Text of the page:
51st out of 296 books — 263 voters
Goodreads helps you keep track of books you want to read.
Start by marking “Sumer and the Sumerians” as Want to Read:
Sumer and the Sumerians
Mesopotamia produced one of the best-known ancient civilizations, with a literate, urban culture and highly-developed political institutions. Harriet Crawford reviews the extraordinary social and technological developments in the region over a period of two millennia (from 3800 to 2000 BC) in this fully revised and expanded edition of her classic text. Drawing on the most ...more
Hardcover, 262 pages
Published November 8th 2004 by Cambridge University Press
(first published April 26th 1991)
To see what your friends thought of this book, please sign up.
(showing 1-30 of 130)
A university set text for me. Good, plain information. I worry about its age (amendments 2004); obviously people are better off with her newly-edited The Sumerian World. It was for a unit on ancient art, which is odd because my one complaint was about the art -- don't let the cover persuade you there is any: only line drawings, and furthermore, I didn't like her discussions of art. Too ready to dismiss pieces as 'provincial' or crude when there's a hell of a lot more to them. I gather her streng ...more
I agree with some of the other reviewers that it’s not clear who, if anyone, this book is intended for. I’ve only gotten through the first two chapters, but the poor organization means that the book is only fully comprehensible by those who don't need it. A crucial point in expository writing is to define your terms when you first use them, especially in a book for “students beginning to study the archeology and history of the ancient Near East.” The author introduces the discussion of the cruci ...more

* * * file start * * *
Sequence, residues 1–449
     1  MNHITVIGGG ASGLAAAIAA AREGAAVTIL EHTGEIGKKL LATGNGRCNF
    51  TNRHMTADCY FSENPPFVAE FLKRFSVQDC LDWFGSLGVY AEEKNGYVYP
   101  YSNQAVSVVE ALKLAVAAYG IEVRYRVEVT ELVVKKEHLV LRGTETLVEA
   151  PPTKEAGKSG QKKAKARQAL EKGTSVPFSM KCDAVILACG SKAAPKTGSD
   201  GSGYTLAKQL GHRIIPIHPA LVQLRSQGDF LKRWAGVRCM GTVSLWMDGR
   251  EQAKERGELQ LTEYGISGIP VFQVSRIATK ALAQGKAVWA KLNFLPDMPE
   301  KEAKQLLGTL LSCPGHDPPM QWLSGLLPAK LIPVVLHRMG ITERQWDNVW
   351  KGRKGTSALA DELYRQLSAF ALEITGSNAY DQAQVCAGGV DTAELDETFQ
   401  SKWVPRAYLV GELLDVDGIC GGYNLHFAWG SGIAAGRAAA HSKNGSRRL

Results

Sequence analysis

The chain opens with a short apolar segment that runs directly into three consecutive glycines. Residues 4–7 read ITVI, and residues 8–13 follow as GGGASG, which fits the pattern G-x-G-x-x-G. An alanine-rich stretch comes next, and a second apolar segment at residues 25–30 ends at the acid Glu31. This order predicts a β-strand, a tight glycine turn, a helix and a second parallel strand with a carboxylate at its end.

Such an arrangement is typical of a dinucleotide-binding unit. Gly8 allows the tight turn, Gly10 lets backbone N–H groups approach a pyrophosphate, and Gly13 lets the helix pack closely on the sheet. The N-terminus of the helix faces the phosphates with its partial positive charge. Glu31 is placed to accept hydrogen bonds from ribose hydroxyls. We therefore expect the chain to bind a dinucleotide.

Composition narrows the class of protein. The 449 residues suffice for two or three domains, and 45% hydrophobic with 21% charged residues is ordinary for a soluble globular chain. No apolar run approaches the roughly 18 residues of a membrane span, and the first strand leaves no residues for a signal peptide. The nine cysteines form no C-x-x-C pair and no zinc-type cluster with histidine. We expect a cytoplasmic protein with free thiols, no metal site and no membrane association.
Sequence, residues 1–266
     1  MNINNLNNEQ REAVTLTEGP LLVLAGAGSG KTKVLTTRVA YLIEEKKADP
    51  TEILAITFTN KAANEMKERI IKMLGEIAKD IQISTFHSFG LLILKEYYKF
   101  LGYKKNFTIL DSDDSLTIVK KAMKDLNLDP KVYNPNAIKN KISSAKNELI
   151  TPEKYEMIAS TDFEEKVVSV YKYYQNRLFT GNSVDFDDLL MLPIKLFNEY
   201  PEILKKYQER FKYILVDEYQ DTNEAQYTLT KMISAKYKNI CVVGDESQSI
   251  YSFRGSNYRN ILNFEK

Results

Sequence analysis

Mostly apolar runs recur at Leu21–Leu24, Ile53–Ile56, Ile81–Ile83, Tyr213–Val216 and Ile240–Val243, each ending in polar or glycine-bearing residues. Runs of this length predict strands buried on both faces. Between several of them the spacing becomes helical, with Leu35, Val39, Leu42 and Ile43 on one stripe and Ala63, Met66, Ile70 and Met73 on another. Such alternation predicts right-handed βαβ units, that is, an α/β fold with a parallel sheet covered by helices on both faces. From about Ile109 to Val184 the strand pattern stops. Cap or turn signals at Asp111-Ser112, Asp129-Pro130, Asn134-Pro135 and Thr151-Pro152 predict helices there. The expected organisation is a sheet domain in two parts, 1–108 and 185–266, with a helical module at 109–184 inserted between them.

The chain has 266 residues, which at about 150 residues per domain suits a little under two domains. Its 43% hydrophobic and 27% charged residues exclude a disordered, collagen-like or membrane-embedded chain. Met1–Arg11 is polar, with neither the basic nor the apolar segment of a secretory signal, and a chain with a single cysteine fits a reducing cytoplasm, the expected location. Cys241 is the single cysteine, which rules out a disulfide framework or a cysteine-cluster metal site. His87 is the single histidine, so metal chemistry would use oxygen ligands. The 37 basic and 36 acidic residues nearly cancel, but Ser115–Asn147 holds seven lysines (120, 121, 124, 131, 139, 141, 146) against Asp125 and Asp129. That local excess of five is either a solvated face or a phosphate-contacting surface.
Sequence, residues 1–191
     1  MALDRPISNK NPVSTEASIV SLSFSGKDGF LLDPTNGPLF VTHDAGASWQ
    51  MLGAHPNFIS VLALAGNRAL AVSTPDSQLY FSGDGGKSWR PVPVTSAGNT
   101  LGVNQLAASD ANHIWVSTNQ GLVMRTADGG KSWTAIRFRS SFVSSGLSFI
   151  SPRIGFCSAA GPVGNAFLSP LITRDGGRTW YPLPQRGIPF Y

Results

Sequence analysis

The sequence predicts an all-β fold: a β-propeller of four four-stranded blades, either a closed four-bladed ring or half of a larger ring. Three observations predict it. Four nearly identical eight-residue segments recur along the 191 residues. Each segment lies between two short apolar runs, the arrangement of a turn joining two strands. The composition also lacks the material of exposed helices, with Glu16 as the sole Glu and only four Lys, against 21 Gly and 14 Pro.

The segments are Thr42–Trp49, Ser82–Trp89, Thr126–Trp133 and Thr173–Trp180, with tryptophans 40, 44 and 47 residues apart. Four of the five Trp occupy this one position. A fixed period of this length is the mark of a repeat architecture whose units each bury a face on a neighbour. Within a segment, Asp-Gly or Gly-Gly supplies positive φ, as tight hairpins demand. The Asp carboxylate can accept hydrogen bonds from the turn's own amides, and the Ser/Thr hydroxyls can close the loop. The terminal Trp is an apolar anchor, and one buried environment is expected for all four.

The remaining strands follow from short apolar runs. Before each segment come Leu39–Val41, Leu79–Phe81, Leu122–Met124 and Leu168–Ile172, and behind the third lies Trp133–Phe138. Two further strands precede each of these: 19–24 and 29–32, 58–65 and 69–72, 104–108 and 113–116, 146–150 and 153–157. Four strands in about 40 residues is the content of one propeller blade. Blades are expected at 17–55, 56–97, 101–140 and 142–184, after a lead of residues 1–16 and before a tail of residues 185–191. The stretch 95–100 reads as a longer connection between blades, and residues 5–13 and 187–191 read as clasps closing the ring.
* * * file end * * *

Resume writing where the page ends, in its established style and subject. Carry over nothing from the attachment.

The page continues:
The book did not hold my attention & I stopped reading after approx. 50 pages. It seems that it is not a book for a lay-person who wants to know the history and world outlook of the Sumerians. It seems that the book is dedicated more to what we don't know than what we do know. The Sumerians deserve more than this.
Mar 08, 2016 Gabriel Clarke rated it really liked it · review of another edition
Fascinating and, reading the conclusions of the last chapter (written in 2004) and its hopes for future for Iraqi scholarship and the potential for continuing research, unintentionally heartbreaking.
Dec 13, 2015 Mary rated it liked it · review of another edition
Provides an overview of what the archaeological evidence tells us about Sumerian civilization. Most of the illustrations are maps, floor plans, or line drawings. I would have found more photographs, especially of the sculptures and grave goods discussed, helpful. Sometimes with all the detailed descriptions of evidence, it can be difficult to keep track of the big picture - Crawford's final chapter summarizing political and economic trends was very welcome.